For a variety of reasons, employers may prefer to treat those who provide services to them as independent contractors rather than employees. However, when employers exercise a sufficient level of control over the ostensible independent contractors (as outlined in various “factor” tests), they may be considered employees under the law. If that happens, employers can face significant legal consequences. For example, the newly reclassified employees could sue for unpaid minimum and overtime wages, and the employer could face fines, penalties, and other liability under state workers’ compensation statutes. The IRS and state and local taxing authorities might seek income and employment tax withholdings that were not, but should have been, made.

Now, the General Counsel of the National Labor Relations Board has weighed in, giving employers one more reason to worry about employee misclassifications. On August 26, 2016, the General Counsel issued an advice memorandum directing the Regional Director for Region 9 of the NLRB to treat employee misclassifications as a violation of the National Labor Relations Act. The General Counsel explained that informing “employees” they are not employees, but rather independent contractors, has the effect of interfering with their rights under Section 7 of the NLRA to organize a union and engage in other concerted activities for mutual aid and protection. In other words, if they are not employees, they are not covered by the NLRA and, therefore, have no rights under that statute. If they are in fact employees, they are covered. Pacific 9 Transp., Inc., 21-CA-150875 (decided Dec. 18, 2015; issued Aug. 26, 2016).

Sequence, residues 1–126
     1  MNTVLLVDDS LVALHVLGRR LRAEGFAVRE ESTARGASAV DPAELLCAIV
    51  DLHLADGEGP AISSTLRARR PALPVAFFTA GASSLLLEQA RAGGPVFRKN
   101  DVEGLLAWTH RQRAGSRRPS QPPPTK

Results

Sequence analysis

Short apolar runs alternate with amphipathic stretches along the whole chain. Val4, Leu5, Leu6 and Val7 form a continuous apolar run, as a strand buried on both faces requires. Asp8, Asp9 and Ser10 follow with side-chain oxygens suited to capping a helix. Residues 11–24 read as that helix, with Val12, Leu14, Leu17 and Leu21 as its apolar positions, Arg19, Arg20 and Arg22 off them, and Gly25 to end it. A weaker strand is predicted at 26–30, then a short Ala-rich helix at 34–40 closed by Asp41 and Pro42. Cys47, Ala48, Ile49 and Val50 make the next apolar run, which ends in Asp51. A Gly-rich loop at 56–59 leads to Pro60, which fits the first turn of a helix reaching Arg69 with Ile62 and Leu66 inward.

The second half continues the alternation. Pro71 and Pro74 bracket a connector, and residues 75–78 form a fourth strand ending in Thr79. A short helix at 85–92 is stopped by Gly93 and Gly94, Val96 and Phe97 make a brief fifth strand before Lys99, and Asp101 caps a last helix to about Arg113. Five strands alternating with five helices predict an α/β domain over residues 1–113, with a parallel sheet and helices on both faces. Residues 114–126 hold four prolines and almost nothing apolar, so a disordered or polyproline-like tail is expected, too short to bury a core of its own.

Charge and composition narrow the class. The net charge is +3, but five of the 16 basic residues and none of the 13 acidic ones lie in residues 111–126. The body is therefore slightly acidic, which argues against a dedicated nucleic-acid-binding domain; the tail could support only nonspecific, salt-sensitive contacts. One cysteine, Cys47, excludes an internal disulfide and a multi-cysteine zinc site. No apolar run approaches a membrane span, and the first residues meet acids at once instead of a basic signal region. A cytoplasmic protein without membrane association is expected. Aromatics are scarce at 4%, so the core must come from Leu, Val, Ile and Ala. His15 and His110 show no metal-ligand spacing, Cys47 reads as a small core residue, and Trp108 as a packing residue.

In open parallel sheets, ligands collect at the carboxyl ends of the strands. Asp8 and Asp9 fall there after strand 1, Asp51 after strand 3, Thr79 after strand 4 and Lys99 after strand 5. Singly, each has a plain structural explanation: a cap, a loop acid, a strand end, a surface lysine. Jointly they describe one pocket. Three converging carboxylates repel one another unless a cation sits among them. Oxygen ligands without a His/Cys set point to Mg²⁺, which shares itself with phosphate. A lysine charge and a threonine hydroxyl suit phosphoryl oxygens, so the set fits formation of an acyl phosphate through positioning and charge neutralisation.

The memorandum discussed a fairly typical case. A trucking company employed a number of drivers directly, but also engaged a number of independent contractors under contracts containing many typical provisions that might support a finding of an independent contract relationship. For example, the agreement recited that these drivers were free to accept or reject any loads, could use their own trucks or rent trucks from the employer, would be compensated by the load and not by the hour, and were required to maintain insurance on the trucks.

In reality, the employer apparently exerted more control than spelled out in the contract. If they were offered and rejected a load, the drivers were passed over for other loads. Because of the employer’s schedule and the loads offered, they practically were excluded from accepting loads from other carriers. Ninety percent of the drivers rented their trucks from the employer, and, despite what the contract said, the employer maintained the insurance on the trucks. When drivers first signed the agreement, they were given an employee handbook spelling out performance expectations and discipline that would be issued for traffic infractions. Thus, the General Counsel concluded, because of the actual day-to-day control exercised over the drivers, they were in fact statutory employees under the NLRA.

This new advice memorandum adds to the many good reasons for employers to consider carefully whether to classify individuals who perform services for them as independent contractors. The potential risks are substantial and the likelihood the individual will be found to be an actual independent contractor very low.